Once Edwin Hubble showed that the Milky Way was not the only galaxy, astronomers began to take finer and finer images of distant galaxies, and it soon became evident that galaxies came in clusters.  Our own cluster, called the “Local Group” has about 20 galaxies. Some clusters have more than 1,000 galaxies.  But are there clusters of clusters of galaxies?

Uncovering the large-scale structure of galaxies in the universe required not only looking at images, but finding the distance to each galaxy, in order to create a three-dimensional map, showing how galaxies are distributed in the universe.  John Huchra and Margaret Geller of the Harvard-Smithsionian Center for  astrophysics became the leaders in this effort.

On April 23, 1992, cosmology again made headlines. But this time it was not a bigger picture of galaxies, or a more distant quasar.  It was a remarkable image of the universe as an “infant,” only 389,000 years old, when the first atoms were formed and light could finally run free.  The slight differences in temperature of the early universe imaged by the COBE satellite gave rise to the formation of stars and galaxies that we see today.

The COBE results also paved the way for the WMAP satellite,with even more sensitive instruments that produced an even sharper image of the early universe and determined its age to be 13.7 billion years.  John Mather, at NASA Goddard Institute for Space Studies, and George Smoot at the Lawrence Berkeley National Laboratory later received a Nobel Prize for their work on COBE.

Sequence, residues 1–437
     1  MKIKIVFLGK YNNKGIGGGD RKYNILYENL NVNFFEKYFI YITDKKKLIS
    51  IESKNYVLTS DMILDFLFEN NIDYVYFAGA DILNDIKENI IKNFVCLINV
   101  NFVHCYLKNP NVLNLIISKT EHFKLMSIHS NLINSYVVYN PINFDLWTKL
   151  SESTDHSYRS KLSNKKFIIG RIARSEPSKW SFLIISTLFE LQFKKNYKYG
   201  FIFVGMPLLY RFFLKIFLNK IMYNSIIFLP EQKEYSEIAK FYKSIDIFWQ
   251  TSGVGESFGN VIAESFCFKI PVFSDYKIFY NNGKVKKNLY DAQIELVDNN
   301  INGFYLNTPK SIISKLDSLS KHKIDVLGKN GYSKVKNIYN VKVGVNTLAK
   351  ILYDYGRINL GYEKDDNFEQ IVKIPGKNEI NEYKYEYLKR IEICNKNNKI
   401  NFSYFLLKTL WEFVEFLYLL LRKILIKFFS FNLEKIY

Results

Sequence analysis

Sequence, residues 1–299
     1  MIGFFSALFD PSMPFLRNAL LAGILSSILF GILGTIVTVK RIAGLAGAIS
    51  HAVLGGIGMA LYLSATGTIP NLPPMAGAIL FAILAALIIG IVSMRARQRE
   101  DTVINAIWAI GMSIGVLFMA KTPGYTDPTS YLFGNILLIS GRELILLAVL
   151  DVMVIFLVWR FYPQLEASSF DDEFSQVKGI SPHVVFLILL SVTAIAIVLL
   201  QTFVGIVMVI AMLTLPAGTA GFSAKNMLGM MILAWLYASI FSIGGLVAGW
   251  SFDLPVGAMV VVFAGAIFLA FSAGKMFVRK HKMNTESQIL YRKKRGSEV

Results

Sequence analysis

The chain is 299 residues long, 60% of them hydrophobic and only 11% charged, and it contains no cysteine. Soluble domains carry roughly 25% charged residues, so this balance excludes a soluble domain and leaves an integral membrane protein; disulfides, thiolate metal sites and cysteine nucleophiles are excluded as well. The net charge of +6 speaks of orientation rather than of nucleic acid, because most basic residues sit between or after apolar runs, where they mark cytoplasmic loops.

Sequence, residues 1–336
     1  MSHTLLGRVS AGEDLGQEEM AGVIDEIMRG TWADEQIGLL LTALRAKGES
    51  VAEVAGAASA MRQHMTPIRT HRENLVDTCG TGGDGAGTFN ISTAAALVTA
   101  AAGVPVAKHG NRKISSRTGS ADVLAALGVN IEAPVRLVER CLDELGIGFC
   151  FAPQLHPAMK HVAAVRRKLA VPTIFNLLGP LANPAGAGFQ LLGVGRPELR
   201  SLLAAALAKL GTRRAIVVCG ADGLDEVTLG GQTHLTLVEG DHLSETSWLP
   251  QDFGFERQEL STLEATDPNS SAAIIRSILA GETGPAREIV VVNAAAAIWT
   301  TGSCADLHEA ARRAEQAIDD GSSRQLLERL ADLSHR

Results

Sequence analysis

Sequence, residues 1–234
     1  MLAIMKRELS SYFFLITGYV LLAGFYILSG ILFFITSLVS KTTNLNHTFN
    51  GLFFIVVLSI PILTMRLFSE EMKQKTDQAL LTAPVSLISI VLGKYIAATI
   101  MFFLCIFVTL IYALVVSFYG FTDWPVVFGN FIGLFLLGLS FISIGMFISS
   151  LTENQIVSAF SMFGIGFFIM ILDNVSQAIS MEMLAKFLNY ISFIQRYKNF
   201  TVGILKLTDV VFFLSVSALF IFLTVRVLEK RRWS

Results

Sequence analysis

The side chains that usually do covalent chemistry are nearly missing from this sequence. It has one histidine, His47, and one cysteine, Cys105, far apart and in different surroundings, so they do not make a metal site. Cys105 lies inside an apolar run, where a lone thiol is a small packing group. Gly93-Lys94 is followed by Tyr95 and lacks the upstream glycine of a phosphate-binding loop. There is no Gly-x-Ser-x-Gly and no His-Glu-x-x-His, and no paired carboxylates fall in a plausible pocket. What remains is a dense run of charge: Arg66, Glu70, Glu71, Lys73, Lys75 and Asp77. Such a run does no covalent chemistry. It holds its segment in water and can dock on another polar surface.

Imagine that you have the opportunity to point the Hubble Space Telescope anywhere you want. What would you choose to look at with the most amazing instrument ever built for astronomy? Principal Investigator Robert Williams, Director of the Hubble Space Telescope Science Institute, chose a most surprising target—nothing at all. That is, a place in space that had no planets or stars or visible galaxies.  The quietest, darkest place he could find, to focus the power of this telescope for 11.3 days of valuable observing time.  He was rewarded with an image of thousands of galaxies!  The Hubble Deep Field image has become one of the most remarkable findings of the space age, and has again vastly expanded our vision of the cosmos.  

The 20th century was an amazing period of discovery for cosmology—the existence of galaxies, the expansion of the universe, vast sheets and walls of galaxies, and an image of the afterglow of the Big Bang, before stars and galaxies had started to form.  Yet the end of the century held one more surprise. The universe was not just expanding—it was accelerating!  This finding would not have been believed were it not confirmed by two teams working at the same time, and finding the same unbelievable result.  One team was headed by Saul Perlmutter at Lawrence Berkeley National Laboraotry in California.

Wendy Freedman is Director of the Observatories of the Carnegie Institution of Washington. Following in the footsteps of the Observatory’s founding director, George Ellery Hale, who led the effort to build some of the world’s largest telescopes of the 20th century, Wendy Freedman is spearheading the effort to construct the Giant Magellan Telescope, with a primary mirror 25 meters (nearly 80 feet) in diameter.  When completed the telescope will produce images ten times sharper than the Hubble Space telescope, and view objects 100 times fainter.